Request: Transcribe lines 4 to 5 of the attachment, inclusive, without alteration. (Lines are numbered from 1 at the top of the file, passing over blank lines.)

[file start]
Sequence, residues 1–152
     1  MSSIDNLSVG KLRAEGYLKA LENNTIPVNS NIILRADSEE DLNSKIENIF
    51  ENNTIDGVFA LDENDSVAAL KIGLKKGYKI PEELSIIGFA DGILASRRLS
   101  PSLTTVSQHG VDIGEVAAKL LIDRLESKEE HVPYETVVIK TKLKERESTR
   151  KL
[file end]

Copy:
   101  PSLTTVSQHG VDIGEVAAKL LIDRLESKEE HVPYETVVIK TKLKERESTR
   151  KL